Official declarations issued by the Church

"The October 1890 General Conference of the Church was a history-making one," wrote John A. Widtsoe in Evidences and Reconciliations.

"On Monday, October 6, 1890, Wilford Woodruff, President of the Church, presented for the action of the people an Official Declaration' discontinuing the practice of plural marriage. Upon the motion of Lorenzo Snow, then the president of the Twelve Apostles, and by vote of the conference the official declarationconcerning plural marriage' became authoritative and binding' and therefore the law and order of the Church. This official declaration has since been known, in common speech, as theManifesto.'"The practice of plural marriage had subjected the Church, from the days of the Prophet Joseph Smith to continuous opposition and severe persecution. Nevertheless, the Saints - only about two percent of whom had practiced plural marriage, as reported by the Utah Commission - continued to teach and defend the principle which had come to them through revelation. At length, acts of the Congress of the United States (1862, 1882, and 1887) made plural marriage an unlawful and punishable offense. The Church, believing these laws to be unconstitutional because they abrogated the right of religious freedom, sought protection from the courts of the land. During this period furious persecution followed those who had entered into this order of marriage. Under . . . enforcement of the laws in question, many were fitted and given penitentiary sentences, the property of the Church was confiscated, and the cessation of many of the activities of the Church was threatened. At length, in May 1890, the Supreme Court of the land, with three members dissenting, ruled that the acts prohibiting plural marriage and confiscating Church property were constitutional.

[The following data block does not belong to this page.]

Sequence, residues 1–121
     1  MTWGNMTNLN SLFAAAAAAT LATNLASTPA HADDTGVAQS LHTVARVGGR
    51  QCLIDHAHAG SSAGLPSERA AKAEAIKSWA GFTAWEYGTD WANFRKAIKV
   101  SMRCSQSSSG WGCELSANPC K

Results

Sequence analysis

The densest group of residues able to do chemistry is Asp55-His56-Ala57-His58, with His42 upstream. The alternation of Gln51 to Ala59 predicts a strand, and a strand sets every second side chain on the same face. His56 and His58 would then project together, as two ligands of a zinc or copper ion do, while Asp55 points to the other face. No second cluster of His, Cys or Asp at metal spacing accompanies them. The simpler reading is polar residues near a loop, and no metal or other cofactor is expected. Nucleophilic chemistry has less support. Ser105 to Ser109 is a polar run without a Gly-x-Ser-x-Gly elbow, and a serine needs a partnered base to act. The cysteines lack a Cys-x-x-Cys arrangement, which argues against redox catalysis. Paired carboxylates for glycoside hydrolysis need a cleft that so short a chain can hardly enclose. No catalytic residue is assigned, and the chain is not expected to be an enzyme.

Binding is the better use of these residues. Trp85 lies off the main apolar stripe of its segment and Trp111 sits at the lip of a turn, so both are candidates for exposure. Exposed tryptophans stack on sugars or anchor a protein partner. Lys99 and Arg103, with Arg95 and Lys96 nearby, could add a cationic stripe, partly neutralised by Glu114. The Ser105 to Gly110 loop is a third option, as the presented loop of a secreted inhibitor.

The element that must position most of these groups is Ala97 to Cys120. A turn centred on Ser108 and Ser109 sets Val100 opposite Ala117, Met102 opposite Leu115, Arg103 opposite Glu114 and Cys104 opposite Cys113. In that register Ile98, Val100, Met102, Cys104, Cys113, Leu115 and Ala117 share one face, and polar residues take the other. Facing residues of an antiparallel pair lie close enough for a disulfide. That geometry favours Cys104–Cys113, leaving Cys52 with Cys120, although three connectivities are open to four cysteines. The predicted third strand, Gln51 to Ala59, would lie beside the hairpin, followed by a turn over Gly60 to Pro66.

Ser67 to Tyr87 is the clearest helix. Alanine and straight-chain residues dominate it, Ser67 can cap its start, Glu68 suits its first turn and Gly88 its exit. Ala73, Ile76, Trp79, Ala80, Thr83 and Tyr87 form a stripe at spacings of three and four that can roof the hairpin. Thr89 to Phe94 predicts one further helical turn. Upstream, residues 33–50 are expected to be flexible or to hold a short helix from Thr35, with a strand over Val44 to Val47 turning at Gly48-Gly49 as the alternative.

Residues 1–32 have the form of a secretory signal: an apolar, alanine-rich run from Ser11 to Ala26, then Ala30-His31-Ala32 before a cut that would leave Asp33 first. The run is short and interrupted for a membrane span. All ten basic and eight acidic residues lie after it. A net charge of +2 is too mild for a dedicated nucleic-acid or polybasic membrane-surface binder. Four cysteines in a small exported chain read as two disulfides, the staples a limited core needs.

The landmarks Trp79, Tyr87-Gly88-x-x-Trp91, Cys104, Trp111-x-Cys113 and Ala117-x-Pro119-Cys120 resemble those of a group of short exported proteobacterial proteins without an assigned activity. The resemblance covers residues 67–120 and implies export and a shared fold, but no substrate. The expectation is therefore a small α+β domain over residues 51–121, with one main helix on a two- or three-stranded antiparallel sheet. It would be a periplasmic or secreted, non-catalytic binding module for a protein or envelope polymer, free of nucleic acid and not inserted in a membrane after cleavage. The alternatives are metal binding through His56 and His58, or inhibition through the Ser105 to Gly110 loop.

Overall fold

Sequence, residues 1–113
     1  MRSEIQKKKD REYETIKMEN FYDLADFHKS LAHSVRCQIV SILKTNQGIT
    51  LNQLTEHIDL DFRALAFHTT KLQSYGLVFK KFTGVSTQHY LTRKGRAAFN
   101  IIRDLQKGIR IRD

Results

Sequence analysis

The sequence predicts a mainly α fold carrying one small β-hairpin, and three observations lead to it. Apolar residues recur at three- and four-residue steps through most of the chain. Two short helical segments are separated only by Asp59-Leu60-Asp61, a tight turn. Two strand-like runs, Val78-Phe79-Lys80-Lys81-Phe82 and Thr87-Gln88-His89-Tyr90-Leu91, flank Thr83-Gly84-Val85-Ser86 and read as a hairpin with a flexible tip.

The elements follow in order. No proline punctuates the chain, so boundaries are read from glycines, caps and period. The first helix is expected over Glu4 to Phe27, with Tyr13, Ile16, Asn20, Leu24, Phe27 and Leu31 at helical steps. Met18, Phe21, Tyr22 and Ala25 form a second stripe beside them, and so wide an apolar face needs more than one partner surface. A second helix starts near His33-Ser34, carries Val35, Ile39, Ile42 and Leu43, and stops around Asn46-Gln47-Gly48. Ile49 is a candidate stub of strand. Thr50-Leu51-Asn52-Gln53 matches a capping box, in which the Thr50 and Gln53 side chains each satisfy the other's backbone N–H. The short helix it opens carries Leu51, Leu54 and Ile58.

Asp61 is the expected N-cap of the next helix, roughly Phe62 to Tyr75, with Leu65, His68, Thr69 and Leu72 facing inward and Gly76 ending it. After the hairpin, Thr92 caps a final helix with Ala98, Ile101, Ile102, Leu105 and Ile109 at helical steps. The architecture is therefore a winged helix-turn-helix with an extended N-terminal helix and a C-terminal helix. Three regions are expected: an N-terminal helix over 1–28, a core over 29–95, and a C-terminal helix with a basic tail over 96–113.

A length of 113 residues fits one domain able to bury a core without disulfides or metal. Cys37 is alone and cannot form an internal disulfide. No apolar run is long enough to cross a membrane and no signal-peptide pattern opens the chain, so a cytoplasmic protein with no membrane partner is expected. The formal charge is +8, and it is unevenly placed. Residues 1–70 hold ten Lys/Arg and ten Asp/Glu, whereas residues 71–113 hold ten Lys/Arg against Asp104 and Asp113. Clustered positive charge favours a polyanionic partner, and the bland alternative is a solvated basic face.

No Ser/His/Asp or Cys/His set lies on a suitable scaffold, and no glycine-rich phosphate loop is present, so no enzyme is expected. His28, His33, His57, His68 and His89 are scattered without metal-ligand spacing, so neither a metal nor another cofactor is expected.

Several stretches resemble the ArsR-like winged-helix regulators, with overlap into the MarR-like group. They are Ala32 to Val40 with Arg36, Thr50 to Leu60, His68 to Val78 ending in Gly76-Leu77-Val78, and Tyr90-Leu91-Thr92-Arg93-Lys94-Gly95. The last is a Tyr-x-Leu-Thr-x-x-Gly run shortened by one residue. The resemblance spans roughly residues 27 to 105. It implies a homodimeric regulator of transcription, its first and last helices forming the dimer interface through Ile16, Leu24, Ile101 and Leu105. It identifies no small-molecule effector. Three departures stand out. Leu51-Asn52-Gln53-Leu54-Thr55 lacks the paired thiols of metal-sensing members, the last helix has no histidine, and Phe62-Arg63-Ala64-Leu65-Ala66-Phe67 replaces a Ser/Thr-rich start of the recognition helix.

"Now the Lord had expressly declared that His people should be obedient to any constitutional government under which they might live. (D&C 98:5-6.) Further, the revelations of the Lord declare that if such a government should prevent the practice of any command given to the Church, the people and the Church would be held guiltless. (See D&C 124:49.)

"After the Supreme Court had spoken, there was no further opportunity for appeal. All lawful means had been used. The action proposed by President Woodruff was therefore wholly in keeping with authoritative Church procedure.

"Nevertheless, it must be kept in mind that this Church, founded by revelation, is ever guided by revelation. It may be held with certainty that when the President of the Church presents a momentous matter, such as the Manifesto,' to the people it is by the spirit of revelation from God. It is not the product of man's thinking or desire. It must also be remembered that the power which has the right to command, also has the right and power to revoke. The principle of plural marriage was revealed through Joseph Smith, the Prophet, and theManifesto' came through Wilford Woodruff, who held the same keys of authority as were possessed by Joseph Smith.

"With this in view, Yes, is the unhesitating answer to the question as to whether the `Manifesto' was based upon revelation.

"Fortunately, however, there is direct evidence that the `Manifesto' was the product of revelation.

"President Woodruff himself declared at the said conference that `to have taken a stand in anything which is not pleasing in the sight of God, or before the heavens, I would rather have gone out and been shot."

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